Disruption / Interruption

Disrupting Data Science in Neuroscience and AI – Dimitri Yatsenko

August 18, 2022

Dimitri Yatsenko, CEO of DataJoint, already had an M.S. in Computational Engineering and Science (University of Utah) when he got his Ph.D. in Neuroscience (Baylor College of Medicine). This put him in a unique position to solve a significant challenge in neuroscience research. 

The data neuroscientists have collected on the brain exceeds the technology, resources, and frameworks available to analyze and model it. To maximize the data’s potential, they need to collaborate across departments and teams. With DataJoint, Dimitri delivers a solution to bridge social and technical gaps in the research process. 

Key Takeaways 

  • Obama’s 2013 Brain Initiative has directed a lot of research into mapping the brain, but neuroscientists now have to apply and model that data to understand the live brain and how it functions. 
  • Neuroscientists have historically worked alone, but the tsunami of data now available and the complexities of the problems being solved require they collaborate across departments and teams. 
  • Without a comprehensive framework for data analysis, collaboration, and communication, much of the software engineering and systems engineering falls on graduate students. 
  • When a graduate student leaves a project, continuity is lost because someone else has to come in and understand what they were doing and may not be looking at the same problem or taking the same approach.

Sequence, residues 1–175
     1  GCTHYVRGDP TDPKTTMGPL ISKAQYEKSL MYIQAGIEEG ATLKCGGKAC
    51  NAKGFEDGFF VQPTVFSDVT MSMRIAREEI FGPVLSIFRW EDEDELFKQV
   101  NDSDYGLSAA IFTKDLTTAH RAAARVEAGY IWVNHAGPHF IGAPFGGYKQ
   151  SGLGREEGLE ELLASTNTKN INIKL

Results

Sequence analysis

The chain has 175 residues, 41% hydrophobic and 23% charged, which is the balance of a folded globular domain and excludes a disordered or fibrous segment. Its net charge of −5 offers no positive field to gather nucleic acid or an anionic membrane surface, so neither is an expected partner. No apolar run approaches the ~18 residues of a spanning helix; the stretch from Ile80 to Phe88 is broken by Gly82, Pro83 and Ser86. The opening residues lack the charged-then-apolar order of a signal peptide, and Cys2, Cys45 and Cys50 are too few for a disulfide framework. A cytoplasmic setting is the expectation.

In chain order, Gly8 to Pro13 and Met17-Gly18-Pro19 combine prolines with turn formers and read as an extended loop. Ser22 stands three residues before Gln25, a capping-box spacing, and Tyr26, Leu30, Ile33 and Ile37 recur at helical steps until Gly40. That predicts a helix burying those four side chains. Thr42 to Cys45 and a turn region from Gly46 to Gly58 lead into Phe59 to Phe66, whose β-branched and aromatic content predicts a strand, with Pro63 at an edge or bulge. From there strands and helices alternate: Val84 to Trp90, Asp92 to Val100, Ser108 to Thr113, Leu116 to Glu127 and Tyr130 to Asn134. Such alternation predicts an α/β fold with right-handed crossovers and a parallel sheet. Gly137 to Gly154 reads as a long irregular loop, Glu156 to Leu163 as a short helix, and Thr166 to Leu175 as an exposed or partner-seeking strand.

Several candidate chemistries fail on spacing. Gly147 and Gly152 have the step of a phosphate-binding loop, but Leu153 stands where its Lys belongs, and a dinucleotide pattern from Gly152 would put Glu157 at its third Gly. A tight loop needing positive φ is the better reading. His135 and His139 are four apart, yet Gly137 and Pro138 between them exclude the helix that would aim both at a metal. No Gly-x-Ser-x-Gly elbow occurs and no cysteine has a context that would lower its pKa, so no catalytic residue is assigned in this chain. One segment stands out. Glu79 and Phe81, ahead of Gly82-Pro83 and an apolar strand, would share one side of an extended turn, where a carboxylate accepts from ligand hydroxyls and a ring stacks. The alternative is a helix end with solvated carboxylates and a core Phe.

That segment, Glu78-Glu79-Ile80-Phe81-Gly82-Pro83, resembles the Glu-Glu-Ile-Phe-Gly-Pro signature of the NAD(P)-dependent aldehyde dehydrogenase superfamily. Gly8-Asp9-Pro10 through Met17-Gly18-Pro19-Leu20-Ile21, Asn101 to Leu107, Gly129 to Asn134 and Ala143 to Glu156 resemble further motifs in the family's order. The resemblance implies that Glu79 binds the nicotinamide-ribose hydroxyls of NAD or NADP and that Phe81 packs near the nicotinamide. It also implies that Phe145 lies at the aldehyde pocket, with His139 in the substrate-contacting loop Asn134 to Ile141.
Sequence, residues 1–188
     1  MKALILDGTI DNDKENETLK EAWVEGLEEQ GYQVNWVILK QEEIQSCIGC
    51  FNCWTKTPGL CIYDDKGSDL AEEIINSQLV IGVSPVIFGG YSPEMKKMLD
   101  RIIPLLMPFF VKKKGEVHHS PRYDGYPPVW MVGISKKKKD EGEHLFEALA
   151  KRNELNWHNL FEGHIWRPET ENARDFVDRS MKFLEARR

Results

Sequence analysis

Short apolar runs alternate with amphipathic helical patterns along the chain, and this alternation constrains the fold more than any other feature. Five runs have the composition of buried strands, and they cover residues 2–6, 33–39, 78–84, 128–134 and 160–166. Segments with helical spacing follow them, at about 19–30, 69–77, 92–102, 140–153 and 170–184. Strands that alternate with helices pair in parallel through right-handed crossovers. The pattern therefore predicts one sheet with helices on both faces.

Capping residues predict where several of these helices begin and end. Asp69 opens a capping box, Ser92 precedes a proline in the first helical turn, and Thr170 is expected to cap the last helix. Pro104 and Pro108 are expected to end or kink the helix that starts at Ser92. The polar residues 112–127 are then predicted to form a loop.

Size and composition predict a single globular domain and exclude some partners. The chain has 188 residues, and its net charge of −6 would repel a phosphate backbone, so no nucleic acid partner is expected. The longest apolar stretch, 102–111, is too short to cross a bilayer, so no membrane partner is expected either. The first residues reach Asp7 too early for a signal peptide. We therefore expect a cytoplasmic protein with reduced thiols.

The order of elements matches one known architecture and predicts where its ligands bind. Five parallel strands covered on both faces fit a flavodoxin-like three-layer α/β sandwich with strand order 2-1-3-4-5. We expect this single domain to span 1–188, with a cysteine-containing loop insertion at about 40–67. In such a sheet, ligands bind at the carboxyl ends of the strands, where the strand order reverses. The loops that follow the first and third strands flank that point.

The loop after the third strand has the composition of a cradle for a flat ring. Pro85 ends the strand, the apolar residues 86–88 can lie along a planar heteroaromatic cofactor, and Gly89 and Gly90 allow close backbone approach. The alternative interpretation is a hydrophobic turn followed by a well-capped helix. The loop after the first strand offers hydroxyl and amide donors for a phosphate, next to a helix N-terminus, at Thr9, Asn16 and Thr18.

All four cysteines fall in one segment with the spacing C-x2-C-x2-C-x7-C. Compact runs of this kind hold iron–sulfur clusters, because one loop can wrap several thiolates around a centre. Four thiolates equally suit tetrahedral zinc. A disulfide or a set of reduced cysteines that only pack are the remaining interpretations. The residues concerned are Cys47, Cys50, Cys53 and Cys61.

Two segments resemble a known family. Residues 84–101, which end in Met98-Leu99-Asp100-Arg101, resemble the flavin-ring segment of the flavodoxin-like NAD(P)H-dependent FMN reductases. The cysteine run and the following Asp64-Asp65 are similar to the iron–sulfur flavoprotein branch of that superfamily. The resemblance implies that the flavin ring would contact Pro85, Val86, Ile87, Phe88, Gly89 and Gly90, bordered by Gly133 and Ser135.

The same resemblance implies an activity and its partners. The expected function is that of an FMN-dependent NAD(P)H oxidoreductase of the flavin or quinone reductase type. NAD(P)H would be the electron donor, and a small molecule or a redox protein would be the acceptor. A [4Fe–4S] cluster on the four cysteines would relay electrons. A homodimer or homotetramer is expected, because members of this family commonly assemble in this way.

• Neuroscience can help solve several severe medical problems, including Alzheimer’s and Parkinson’s disease, depression, and traumatic brain injury. However, the research is hindered by a lack of continuity in modeling, collaboration, and data analysis. 
  • The process of repeatedly engineering frameworks for data analysis drives up research costs through inefficiency. 
  • Understanding the brain requires a systematic approach to data and modeling. 
  • A commercial company can provide researchers with the tools and technology they need to execute things more efficiently and effectively. They can provide computation as a service, rather than having each lab reproduce the same computation with graduate students. 
  • A commercial approach can provide continuous fluidity in one unified framework. 
  • DataJoint started as an open-source project and evolved as different neuroscience teams adopted it in their labs. 
  • Using DataJoint for collaborative, multi-institutional projects, researchers can organize a computational data pipeline that spans multiple labs. 
  • DataJoint is cloud-compatible, containerized, and web-accessible so that it can be deployed across multiple labs simultaneously. In this way, it bridges both the social and technical gaps currently limiting neuroscience research. 

Quote of the show: 

20:16 “The only way we can solve the brain is … to bring the molecular people, the computational people, [and] the electrophysiology people into … solving the same problem.” 



LinkedIn: https://www.linkedin.com/in/dimitriyatsenko/ 

Company Website: https://www.datajoint.com/ 

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